Not long after I gave up a career in journalism in my 30s, I looked back and realized I had made very few close friends in the newsroom. The only real friends I made came at the very end of my career, and most of these were people who were giving up journalism just as I was.
After my journalism career, like many people, I wasn’t sure what my soul’s calling was. I knew I couldn’t work in a newsroom anymore, the toxicity of the violent stories was just too much. I had to leave journalism to survive. I knew I was called to do something big with my life, but could not figure out what it was. (I’m now a coach, and I can tell you many many people go through this phase of not knowing.)
It took me years of exploration. Finally, painfully, I started to realize my “bliss” was there all along in the symbols, situations and friends who surrounded me. I realized that all of my closest friends always had been artists of some type, writers, painters, dancers, musicians. I mean that realization alone should’ve made it all obvious to me, that I was an artist, but I resisted. Oh how I resisted.
At one point, wanting to celebrate my women friends and their gifts, I asked artist friends if I could take pictures of them with an old dented 35mm camera — you know the old kind that took rolls of film. I took a dancer friend to a park.
But did that mean I was a dancer? Then I took shots of a musician friend outside a shed at her Vashon Island home. Also, the one and only time I was married was to a musician, a saxophone player. Did that then mean I was a fiddler, or a player of wind instruments?
If you’re searching for your path, trying to find your “bliss”, the friends you’ve had all your life can be great mirrors. In them, you can begin to see what you truly and deeply love. What I started to notice in these photographic forays was that I just loved women being able to express their unique “voices”. I just loved the wildness of being outdoors. I loved the beauty of their expression.
I wanted to express myself. I wanted it to be wild and open. But still, what was the specific expression? It’s at this point that I advise clients to look to their earliest memories. What did you do as a child before you were told that it was wrong, or squeezed into a square box?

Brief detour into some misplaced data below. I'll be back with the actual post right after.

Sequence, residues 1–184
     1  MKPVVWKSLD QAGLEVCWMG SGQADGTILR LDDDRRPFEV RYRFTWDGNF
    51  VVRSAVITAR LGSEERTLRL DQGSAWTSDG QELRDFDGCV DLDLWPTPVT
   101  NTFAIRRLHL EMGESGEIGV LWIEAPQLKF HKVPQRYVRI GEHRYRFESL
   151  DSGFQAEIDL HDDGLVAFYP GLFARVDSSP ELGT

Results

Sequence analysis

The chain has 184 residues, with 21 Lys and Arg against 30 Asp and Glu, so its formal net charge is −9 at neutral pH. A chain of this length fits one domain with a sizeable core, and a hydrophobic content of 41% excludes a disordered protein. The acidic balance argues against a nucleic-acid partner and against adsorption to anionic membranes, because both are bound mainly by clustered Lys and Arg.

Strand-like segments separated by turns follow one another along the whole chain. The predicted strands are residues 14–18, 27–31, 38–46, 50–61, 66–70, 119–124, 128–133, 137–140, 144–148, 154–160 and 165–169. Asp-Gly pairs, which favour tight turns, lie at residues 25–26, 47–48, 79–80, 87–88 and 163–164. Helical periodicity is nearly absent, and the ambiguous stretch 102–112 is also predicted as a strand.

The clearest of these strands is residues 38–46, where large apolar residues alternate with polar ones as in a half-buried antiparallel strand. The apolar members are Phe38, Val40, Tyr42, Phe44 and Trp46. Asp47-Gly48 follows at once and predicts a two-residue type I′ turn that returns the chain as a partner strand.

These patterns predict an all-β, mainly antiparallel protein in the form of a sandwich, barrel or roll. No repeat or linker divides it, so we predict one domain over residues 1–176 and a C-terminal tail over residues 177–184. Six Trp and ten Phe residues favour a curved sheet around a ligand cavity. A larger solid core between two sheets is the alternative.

I loved to draw. I loved to read. I loved nature.
It took years, but finally I came to own myself as visual artist, novelist, book coach, and art activist for Mother Nature. Even when I took these photographs, I didn’t particularly think of myself as a visual artist/photographer type. I was just shooting some pics. Sometimes our bliss is smacking us in the face and we STILL can’t see it.
So, if you’re seeking your bliss, turn to your friends. Who have you loved from childhood. Who are they? What careers did they go into? Then look at what you loved to do as a child. Put on plays? Tinker with radios? Cook meals for your family? Were you the sibling who always had the box of crayons? Did you beat on pots and pans until it drove your parents crazy? In this way, you can put the puzzle pieces together and excavate your authentic self. After that is when the hard work of practicing your authentic self truly begins.
Today, I’m writing a series of four novels, Earth, Air, Fire, Water. It’s known as the Elemental Journey Series, and explores in fiction form one girl’s journey to finding her bliss and her love of Mother Earth. To read more go to carolineallen.com.